A combination of file photos shows Israeli Education Minister Naftali Bennett speaking in Jerusalem May 14, 2018 and Yesh Atid party leader Yair Lapid delivering a speech in Tel Aviv, Israel March 24, 2021. REUTERS/Ammar Awad/Amir Cohen/File Photo/File Photo
Here is a timeline of events that have led to the emerging government that, once sworn in, will be headed by ultra-nationalist Naftali Bennett and centrist Yair Lapid.
March 23, 2021 – Israel holds its fourth inconclusive election in two years. As in every previous vote, no party won a majority in the 120-seat parliament. Netanyahu’s right-wing Likud emerges as the biggest party. Lapid’s centrist Yesh Atid (There is a Future) comes second. Bennett’s Yamina (Rightwards) party wins just seven seats, but he emerges as kingmaker.
April 5 – Netanyahu’s corruption trial resumes on charges he denies.
April 6 – President Reuven Rivlin gives Netanyahu 28 days to form a new government. He woos smaller right-wing and religious parties, including Yamina, but fails.
May 5 – Rivlin turns to Lapid, who tries to form a “government of change” from an unlikely coalition of right-wing, centrist, leftist and Arab parties that would unseat Netanyahu.
May 10 – Fighting erupts between Israel and Hamas in Gaza, and unrest breaks out in many mixed Jewish-Arab cities in Israel. Coalition talks break down.
May 21 – Ceasefire declared. Coalition talks resume.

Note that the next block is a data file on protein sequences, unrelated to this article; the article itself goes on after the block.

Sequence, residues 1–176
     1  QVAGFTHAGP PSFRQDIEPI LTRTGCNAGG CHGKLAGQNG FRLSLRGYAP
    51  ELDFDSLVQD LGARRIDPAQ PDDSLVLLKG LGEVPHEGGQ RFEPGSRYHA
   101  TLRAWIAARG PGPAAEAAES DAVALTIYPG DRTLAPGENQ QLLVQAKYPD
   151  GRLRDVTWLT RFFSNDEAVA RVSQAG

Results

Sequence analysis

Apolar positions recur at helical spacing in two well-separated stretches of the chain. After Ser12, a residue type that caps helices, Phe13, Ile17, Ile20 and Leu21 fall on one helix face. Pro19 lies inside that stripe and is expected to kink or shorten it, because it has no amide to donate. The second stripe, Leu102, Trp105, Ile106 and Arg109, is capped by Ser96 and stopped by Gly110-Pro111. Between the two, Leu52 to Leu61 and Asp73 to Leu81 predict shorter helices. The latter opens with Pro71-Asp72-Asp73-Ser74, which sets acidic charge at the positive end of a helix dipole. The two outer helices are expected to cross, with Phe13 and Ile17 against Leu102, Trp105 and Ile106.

May 30 – Bennett announces he is joining forces with Lapid to form a “unity government”.
June 2 – About 30 minutes before his midnight deadline, Lapid informs Rivlin he has managed to strike deals with his political allies to form a coalition government. Bennett will serve as prime minister for about two years, after which Lapid will take over.
June 3 – Netanyahu scorns the alliance as “a dangerous, left-wing government” and later calls on Yamina members to jump ship and vote against it.
June 8 – Knesset speaker Yariv Levin, a Netanyahu loyalist, says the government will be put up for vote at parliament on June 13.
June 13 – The Knesset is due to hold a vote on the Lapid-Bennett government. If it wins the special ballot, Israel’s new government will be sworn in that day, ending 12 years of Netanyahu’s premiership. If the proposed cabinet fails to win the Knesset’s confidence, Israel will be heading to another election.